Weekly Columns

Commencement exercises are underway across Arkansas and all over the country. I had the honor of addressing the Class of 2016 at commencement ceremonies at Arkansas State University and my alma mater, the Southern College of Optometry.

My message to graduates was simple: find a way to use your talents, and all that you have learned in school, to help your community.

I was invited to speak because of my role as a U.S. Senator, a position that I never thought I would be in, especially at my own commencement ceremonies.

After I graduated from optometry school, my brother and I started a private practice in Northwest Arkansas. We built our little clinic into a major eye care provider in the region and I always expected I would work there until I retired. At the same time, I realized that having a business in the community means that you have an obligation to the citizens who live there.

That’s why I ran for an open seat on the Rogers School Board. I never had any intention of running for office, but my three daughters were in public school and I thought that serving on the school board would be a good way to give back to my community.

This scenario has continued throughout my public service career. When there was a vacancy for the Third Congressional District of Arkansas seat, I sought counsel from a number of people, one of which was Congressman John Paul Hammerschmidt. The late Congressman was revered for his constituent services work. John Paul showed me that representing Arkansas in Congress is not about politics, but about serving the people. It’s about using the power of the office for good. This is the motto that I carry with me as I serve Arkansans.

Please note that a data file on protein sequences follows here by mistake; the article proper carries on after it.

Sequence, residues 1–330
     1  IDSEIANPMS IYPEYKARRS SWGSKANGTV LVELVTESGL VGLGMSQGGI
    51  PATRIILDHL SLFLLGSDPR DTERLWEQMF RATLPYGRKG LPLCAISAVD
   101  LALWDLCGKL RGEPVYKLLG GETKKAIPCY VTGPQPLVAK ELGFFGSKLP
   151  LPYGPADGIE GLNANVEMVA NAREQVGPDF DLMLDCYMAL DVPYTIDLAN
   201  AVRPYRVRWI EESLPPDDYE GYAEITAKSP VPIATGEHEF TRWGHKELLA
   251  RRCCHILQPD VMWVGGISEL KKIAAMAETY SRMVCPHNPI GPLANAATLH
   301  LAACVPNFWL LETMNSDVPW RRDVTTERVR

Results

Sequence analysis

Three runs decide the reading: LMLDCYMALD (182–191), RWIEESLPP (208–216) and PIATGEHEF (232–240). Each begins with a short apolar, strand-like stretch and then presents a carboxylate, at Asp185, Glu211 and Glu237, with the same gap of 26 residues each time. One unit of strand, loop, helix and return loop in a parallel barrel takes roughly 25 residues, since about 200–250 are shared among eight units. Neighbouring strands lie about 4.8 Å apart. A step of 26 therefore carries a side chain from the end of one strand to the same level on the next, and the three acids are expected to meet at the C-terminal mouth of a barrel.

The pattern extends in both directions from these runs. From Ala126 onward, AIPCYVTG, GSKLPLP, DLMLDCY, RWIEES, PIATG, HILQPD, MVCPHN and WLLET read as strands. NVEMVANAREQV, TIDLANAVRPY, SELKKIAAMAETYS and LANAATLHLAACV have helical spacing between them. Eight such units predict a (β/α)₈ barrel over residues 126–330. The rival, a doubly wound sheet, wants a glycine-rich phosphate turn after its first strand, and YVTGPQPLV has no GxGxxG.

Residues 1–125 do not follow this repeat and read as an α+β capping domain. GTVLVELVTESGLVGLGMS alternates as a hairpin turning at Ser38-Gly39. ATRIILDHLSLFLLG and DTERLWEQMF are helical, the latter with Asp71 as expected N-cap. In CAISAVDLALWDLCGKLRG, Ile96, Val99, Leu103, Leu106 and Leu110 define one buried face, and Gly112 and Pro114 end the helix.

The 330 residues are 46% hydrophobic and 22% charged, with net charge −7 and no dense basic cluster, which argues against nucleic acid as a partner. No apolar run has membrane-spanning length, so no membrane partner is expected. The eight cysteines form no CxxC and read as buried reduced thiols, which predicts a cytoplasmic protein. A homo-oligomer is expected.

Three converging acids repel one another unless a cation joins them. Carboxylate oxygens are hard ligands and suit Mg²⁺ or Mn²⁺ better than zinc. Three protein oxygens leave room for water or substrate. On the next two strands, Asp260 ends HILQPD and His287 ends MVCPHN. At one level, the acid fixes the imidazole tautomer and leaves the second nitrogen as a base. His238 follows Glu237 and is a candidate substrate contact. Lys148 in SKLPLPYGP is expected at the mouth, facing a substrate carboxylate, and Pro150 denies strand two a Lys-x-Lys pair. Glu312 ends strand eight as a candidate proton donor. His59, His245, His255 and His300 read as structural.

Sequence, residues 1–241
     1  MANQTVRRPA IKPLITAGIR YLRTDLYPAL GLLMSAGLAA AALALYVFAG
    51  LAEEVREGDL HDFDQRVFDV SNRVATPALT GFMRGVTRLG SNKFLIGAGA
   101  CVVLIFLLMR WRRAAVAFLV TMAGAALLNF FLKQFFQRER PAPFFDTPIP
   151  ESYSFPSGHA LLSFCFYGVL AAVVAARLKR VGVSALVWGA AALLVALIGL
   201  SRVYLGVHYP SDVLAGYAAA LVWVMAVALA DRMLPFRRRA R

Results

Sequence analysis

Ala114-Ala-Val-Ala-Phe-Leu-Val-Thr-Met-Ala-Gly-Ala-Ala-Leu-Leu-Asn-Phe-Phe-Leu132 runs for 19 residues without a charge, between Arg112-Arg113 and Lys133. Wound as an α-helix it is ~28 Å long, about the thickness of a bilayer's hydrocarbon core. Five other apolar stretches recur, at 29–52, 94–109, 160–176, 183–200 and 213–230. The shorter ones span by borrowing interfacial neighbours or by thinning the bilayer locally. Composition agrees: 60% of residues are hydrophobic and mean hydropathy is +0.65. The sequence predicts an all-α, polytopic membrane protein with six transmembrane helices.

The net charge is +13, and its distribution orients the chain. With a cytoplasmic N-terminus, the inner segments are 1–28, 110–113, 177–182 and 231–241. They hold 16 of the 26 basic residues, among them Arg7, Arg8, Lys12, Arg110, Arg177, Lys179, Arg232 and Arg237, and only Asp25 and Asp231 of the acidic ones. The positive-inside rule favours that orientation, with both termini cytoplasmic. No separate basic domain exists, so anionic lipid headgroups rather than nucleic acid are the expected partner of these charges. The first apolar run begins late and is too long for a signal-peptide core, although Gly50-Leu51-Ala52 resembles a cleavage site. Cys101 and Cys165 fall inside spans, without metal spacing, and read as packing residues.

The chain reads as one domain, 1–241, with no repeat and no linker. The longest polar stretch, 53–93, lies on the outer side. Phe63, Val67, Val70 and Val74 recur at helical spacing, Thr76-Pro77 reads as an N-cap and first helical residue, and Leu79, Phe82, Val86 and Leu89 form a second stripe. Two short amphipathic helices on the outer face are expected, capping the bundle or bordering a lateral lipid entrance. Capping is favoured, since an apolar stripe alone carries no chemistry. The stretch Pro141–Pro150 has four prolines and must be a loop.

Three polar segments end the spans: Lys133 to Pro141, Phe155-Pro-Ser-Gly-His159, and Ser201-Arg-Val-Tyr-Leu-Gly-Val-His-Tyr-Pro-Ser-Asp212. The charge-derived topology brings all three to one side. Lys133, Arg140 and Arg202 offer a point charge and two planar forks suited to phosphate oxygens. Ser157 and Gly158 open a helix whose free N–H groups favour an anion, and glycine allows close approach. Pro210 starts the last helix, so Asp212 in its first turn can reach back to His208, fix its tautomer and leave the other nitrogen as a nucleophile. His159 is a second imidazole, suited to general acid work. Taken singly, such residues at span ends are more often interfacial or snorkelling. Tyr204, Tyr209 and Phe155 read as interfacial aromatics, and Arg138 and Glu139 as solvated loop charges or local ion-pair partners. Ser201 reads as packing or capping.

But, you don’t have to to be an elected official to make a difference.

In 2008, Ward Brehm, a Minnesota businessman, was the first person from the business community to be asked by Congress to give the address at the National Prayer Breakfast. Brehm shared the transformation he experienced on his first trip to Africa, a trip he didn’t even want to take. The trip opened his eyes to God’s calling and mission for him to contribute his time and skills to change the lives of Africans.

Ward has devoted himself to helping the people of Africa by enlisting local support to build infrastructure that provides clean water in places where kids often die of waterborne diseases by age five. He didn’t set out on this endeavor for financial gain, rather he made this his cause because he felt this was a way he could use his talents for good.

I relayed this story as a reminder that it is important for each of us to never be content with our own personal successes. Ward clearly exemplifies what it means to be a success in the business world, but he also understands his calling is much greater than personal accomplishments.

This generation has an opportunity to effectuate positive change. It is one of the brightest, most motivated and technologically advanced generations in history. After sharing the stage with the members of the Class of 2016, I am confident that they will make a difference in the world.